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The Vietnam War on PBS America, UK The Vietnam War premieres tonight on PBS America in the UK

The Vietnam War premieres on PBS America, in the UK
Director Lynn Novick discusses her latest documentary collaboration with Ken Burns
Published on April 11, 2018

Lynn Novick Lynn Novick. Photo: Stephanie Berger

The Full 18 hour version of US Documentary The Vietnam War, from the Award Winning duo Ken Burns and Lynn Novick, premieres Wednesdays from 9pm starting tonight (April 11th) on PBS America (Freeview 94, Freesat 155, Virgin 276 & Sky 534) in the UK. During a busy London visit, Lynn was able to give us some insight into the documentary making process, speaking to veterans on all sides of the conflict, and responding to the Vietnam War today.

Congratulations Lynn on your BAFTA nomination for your latest documentary, The Vietnam War. How did the project get started?

Thank you! The Vietnam War is like a festering wound. It’s something we as a nation have never really dealt with. It’s like some kind of national trauma we’ve tried to ignore or shut the door on and you can’t do that.

Ken and I made the decision to tell this story back in 2007. As a nation, we have been getting increasingly polarized and divided since then, and it just kept on seeming more and more relevant, prescient and urgent. The cynicism, bitterness, recrimination, mistrust and lack of faith in ourselves – all these things you can trace back to the Vietnam War and the unravelling that happened as a result of it.

What did the Vietnam War mean for you when you started, and did your perception change during the documentary's development?

We wanted to understand what really happened, to put ourselves through the experience of reliving it with more information and more compassion for the people we don’t agree with. We wanted to lance the boil, to open up this festering wound and let it aerate and let some of the toxicity out so that it can begin to heal.

Is the 'Hollywood' representation of the Vietnam War fair? How did you want to portray the conflict?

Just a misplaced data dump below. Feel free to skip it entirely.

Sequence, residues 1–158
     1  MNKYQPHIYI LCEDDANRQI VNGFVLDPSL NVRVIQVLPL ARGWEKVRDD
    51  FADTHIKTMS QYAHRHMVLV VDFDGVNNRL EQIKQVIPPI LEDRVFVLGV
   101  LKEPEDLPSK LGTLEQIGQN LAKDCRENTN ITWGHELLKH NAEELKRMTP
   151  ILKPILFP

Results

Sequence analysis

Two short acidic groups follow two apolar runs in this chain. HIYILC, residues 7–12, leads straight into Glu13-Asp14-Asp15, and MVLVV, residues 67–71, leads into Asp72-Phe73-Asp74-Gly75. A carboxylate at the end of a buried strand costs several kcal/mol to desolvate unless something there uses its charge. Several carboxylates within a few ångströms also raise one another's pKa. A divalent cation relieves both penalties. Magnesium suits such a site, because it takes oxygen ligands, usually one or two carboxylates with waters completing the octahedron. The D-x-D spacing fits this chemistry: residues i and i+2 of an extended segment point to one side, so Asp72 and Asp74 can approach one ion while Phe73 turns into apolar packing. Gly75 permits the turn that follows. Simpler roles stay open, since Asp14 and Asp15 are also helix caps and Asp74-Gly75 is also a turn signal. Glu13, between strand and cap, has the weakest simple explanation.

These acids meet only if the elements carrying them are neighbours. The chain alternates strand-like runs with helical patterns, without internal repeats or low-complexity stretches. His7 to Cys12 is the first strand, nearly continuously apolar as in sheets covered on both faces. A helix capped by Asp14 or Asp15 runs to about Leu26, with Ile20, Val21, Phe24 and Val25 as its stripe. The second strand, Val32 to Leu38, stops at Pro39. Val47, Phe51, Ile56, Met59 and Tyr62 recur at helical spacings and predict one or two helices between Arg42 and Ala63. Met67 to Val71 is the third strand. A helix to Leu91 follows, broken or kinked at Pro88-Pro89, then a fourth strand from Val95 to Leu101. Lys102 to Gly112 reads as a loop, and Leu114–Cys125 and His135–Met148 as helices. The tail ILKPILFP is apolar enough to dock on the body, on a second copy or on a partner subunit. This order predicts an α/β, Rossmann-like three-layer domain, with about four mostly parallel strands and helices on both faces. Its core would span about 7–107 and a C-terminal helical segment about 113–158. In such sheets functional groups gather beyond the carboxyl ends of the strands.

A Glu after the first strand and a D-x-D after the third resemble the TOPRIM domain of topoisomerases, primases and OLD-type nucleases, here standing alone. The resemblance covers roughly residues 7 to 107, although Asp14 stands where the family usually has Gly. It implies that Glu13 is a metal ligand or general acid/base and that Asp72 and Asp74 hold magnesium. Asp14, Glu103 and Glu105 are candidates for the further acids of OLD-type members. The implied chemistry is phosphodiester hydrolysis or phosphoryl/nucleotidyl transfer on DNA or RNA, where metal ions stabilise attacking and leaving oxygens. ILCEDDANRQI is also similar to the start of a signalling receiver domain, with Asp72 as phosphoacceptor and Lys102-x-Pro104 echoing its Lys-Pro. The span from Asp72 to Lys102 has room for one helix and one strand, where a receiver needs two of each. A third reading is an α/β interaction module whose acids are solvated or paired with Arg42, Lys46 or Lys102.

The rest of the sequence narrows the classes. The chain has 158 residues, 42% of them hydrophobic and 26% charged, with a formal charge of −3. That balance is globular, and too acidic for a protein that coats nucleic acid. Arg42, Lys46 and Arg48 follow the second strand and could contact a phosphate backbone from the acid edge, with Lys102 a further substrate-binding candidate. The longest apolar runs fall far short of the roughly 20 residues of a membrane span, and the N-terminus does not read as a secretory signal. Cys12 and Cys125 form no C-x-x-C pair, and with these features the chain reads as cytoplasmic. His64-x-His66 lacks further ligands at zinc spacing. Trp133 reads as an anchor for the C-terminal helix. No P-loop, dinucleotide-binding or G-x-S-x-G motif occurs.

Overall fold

We wanted to tell the human story of the war from many different angles at the same time, something that had never been done before. And the structure of our narrative is delicately created – it’s extraordinarily complex to shift perspective constantly. What this means, I think, is that you’re never really in your comfort zone.

What was it like speaking to the veterans of the war on all three sides?

It's almost hard to find the words to describe what it's like to be present when people are opening themselves up to share deep and difficult experiences, sometimes for the first time. There were many occasions when I was just left speechless with what someone had told me. John Musgrave, in particular, whose narrative’s woven through the entire series. After that interview, I had to lie down for the day. I couldn’t even talk.

Do you think the series has helped redress the balance of the veterans’ contribution and what they went through?

That has been so gratifying. We’ve heard a great deal from veterans, saying ‘Thanks for telling our story, it's never been told.’ The film did go a long way to at least helping our country understand what it was like to be a soldier in that war, and to rebuild some bridges that had been burnt.

It was also extremely important for those who protested the war to feel that their voices were equally significant. One of the really important themes of the series is ‘What does it mean to be a patriot?’ and I think we’ve started a conversation on that too.

The music is an integral part of the series. Was it hard getting the rights to the songs that defined the era?

We felt from the beginning we couldn’t do justice to that time without the music, as the music is a character, essentially. Our producer, Sarah Botstein, took the lead on figuring out how we could get all that into the film. The way to do it was to go to each artist and say to them, “Your music is part of the story, it’s not just background. But it’s a documentary so everybody’s going to get the same low rate.” Once The Beatles and the Rolling Stones agreed, everyone else was fine.

The Vietnam War premieres Wednesdays on PBS America, starting tonight (April 11). You can watch PBS America via Freeview channel 94, Freesat channel 155, or if you have Virgin Cable it's channel 276, or via Sky it's channel 534.



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